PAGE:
There’s something suspicious about the two large and unexpected charges Nigerian President Muhammadu Buhari’s government has just imposed on the largest cellphone operator in the country, South Africa’s MTN.
Last month the Nigerian central bank ordered MTN to return US$8.1 billion in dividends it allegedly illegally transferred out the country between 2007 and 2015. The bank also slapped US$16 million in fines on several foreign banks for facilitating these transfers.
Then the attorney-general’s office demanded US$2 billion in back taxes from MTN, which vowed it was innocent of all the charges and would vigorously oppose them. The double whammy helped knock MTN’s share price by about a third, boosting shareholders’ losses to well over R100 billion since the start of 2018.
Coming on top of the US$5 billion fine – later negotiated down to US$1.7 billion – that Nigeria hit MTN with two years ago for failing to disconnect unregistered subscribers, this has raised questions about the motives of Buhari’s government.
He faces a difficult re-election campaign in February. A major part of his mandate from his first election in 2014 was to combat corruption and enforce financial regulations. So is clamping down on MTN a genuine attempt to improve governance? Or is it more about fleecing an easy target – a rich foreign company – when low oil prices and mismanagement of the economy have slashed revenue and badly depleted foreign reserves?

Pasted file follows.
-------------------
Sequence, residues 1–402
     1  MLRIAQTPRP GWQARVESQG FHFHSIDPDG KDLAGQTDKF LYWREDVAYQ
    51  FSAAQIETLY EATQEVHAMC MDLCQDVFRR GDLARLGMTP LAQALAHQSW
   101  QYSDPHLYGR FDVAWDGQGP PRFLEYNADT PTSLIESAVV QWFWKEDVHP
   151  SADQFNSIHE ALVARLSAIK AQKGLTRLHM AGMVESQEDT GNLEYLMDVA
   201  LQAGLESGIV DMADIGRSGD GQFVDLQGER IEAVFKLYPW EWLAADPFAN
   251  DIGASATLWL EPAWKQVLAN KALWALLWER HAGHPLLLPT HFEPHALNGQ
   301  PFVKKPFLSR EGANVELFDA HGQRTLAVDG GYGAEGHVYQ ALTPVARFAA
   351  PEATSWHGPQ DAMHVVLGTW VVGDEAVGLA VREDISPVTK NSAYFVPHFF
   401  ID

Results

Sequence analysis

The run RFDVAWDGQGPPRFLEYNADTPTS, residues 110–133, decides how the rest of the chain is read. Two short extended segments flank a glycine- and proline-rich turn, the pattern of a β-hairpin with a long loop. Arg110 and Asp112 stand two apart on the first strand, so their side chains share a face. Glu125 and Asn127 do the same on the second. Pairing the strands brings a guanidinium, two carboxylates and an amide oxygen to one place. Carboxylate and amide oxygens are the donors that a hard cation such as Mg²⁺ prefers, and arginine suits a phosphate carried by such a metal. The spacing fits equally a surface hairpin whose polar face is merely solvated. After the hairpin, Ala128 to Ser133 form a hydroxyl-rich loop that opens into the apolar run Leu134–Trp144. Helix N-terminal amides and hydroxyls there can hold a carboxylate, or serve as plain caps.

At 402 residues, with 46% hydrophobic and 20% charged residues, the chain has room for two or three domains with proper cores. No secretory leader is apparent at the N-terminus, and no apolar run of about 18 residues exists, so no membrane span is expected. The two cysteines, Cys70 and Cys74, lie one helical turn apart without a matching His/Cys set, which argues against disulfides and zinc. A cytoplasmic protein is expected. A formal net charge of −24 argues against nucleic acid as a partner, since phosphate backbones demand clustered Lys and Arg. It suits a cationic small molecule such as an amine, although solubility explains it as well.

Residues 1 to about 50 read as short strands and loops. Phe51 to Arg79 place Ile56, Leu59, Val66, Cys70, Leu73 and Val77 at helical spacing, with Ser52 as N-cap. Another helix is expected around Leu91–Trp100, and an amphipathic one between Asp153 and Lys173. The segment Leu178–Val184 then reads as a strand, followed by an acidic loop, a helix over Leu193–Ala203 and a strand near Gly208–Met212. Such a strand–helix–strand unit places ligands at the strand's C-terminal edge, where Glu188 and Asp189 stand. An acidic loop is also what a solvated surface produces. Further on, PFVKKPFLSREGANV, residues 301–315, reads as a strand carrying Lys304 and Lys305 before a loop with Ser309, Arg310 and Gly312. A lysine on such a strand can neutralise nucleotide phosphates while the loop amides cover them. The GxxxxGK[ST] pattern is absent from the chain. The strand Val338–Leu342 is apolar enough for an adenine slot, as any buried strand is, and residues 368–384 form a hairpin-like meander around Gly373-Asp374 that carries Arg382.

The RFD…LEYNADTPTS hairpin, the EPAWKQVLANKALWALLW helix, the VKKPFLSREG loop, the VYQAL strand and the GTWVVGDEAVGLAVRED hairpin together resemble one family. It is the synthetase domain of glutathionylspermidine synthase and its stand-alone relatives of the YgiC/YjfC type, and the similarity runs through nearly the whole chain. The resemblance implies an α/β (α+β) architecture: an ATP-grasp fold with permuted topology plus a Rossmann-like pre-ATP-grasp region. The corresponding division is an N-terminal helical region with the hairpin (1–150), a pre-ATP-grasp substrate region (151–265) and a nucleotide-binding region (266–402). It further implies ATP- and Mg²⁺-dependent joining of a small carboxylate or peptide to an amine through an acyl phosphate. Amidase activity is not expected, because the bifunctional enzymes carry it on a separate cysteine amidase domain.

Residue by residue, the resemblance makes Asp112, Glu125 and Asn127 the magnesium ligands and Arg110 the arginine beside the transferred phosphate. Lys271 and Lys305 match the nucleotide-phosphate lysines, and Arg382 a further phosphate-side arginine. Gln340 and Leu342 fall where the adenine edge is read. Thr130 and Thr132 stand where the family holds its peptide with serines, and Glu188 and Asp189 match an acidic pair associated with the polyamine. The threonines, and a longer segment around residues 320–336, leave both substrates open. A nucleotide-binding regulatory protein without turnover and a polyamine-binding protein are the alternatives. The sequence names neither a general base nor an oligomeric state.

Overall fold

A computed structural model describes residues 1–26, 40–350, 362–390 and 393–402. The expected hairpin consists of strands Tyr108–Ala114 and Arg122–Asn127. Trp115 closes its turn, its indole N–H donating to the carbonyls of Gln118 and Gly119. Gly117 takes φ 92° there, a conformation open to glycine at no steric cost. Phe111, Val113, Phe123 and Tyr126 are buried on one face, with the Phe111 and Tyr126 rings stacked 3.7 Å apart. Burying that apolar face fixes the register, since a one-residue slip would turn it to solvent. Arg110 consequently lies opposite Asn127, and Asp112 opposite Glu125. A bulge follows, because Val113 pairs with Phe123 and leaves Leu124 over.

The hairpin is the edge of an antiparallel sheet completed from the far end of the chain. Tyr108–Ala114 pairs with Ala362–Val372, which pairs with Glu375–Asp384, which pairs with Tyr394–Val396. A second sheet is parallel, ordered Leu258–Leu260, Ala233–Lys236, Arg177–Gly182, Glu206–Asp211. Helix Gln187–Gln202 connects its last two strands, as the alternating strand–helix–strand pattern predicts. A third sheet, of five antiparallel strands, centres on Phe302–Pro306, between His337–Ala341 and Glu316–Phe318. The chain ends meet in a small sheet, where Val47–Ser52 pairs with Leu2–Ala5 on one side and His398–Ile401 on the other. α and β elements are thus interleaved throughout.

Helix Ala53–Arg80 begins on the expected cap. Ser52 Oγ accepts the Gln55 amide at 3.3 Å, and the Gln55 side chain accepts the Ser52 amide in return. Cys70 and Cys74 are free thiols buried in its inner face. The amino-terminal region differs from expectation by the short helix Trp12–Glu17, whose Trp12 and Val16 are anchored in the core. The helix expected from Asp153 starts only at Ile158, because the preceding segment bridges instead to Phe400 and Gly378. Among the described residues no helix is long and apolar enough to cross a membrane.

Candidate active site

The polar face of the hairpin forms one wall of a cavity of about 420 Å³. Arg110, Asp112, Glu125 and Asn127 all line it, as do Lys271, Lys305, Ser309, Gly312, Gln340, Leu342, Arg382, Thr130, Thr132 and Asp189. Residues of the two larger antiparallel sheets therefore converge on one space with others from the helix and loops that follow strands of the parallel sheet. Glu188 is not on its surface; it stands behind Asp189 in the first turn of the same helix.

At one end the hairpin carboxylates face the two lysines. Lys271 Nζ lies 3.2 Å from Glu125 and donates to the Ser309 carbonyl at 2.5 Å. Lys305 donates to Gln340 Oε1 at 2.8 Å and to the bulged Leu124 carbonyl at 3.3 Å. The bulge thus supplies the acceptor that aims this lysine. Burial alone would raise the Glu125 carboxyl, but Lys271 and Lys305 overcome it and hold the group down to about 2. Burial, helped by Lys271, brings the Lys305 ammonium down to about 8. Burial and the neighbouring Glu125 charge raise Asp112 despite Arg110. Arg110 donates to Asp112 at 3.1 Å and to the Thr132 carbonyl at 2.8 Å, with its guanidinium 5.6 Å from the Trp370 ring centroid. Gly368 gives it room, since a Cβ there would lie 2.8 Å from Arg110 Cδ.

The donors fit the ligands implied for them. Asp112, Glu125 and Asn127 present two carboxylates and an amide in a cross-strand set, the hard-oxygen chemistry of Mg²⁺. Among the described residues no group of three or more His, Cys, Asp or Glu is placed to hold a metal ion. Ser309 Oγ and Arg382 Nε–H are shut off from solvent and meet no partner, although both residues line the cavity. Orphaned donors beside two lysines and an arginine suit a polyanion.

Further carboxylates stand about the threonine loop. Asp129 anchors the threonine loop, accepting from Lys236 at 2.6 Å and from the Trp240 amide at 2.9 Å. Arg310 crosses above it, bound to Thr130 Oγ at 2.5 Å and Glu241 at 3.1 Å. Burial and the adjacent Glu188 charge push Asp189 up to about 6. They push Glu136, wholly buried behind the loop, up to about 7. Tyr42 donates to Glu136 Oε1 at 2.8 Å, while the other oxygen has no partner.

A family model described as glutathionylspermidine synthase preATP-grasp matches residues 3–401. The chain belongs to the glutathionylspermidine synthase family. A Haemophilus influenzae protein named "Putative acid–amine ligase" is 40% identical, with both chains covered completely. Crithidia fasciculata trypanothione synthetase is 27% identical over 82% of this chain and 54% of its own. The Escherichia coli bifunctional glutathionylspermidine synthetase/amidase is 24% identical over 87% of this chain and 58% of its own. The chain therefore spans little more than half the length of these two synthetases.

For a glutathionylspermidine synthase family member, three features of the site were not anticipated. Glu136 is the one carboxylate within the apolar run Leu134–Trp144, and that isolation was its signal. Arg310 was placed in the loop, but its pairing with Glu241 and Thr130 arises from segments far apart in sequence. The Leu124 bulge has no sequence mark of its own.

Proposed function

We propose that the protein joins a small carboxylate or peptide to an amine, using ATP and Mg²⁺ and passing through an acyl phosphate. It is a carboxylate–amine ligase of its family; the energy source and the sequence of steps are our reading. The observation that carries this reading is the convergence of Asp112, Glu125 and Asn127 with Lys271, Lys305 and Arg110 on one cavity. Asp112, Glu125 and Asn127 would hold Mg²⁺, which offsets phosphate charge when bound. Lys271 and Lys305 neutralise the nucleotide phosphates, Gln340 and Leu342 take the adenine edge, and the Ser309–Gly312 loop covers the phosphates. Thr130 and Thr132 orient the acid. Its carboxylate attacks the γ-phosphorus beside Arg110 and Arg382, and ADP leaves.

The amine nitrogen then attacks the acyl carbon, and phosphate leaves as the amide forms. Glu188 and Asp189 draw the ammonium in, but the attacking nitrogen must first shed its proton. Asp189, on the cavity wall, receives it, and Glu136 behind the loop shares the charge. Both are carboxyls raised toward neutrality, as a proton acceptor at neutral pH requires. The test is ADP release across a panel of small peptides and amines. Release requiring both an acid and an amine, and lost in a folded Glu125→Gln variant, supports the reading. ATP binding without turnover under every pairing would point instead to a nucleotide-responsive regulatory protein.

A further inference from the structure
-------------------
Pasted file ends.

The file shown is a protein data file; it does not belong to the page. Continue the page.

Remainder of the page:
There are good reasons to be sceptical about the hit on MTN. For one thing, as Dobek Pater, director of business development at Africa Analysis, told Biznews, how was it that the Central Bank of Nigeria and the tax authority failed to detect both the allegedly illegal transfer of dividends and the failure to pay tax for so many years?
He said this suggested either a failure by the Nigerian authorities to do their job of monitoring such large financial movements, or a deliberate laxness. If the latter, why did they suddenly decide to enforce the regulations now? It also seems improbable, merely on face value, that after being hit with that huge fine two years ago, MTN would have flouted the regulations again so soon.
Pater noted that other mobile phone operators in Nigeria had not come under the same scrutiny as MTN, which was an ‘easy target’ because it was profitable and because its operations were transparent, unlike some other mobile phone operators in the country. Also, no doubt, because it’s foreign.
Vestact CEO Paul Theron told Bloomberg that Nigeria’s move was ‘pathetic, nationalistic and immature’ and could ‘severely weaken Nigeria’s economy in the years to come’. MTN has been among the most committed foreign investors in recent decades, the money manager said.
Nigeria’s move has also cast doubt on MTN’s plans to list on the Nigerian stock exchange which it promised to do after the fiasco two years ago. Pater told Biznews he thought it unlikely that MTN would want to list in Nigeria under the cloud of alleged flouting of regulations and with its share price at home so far down.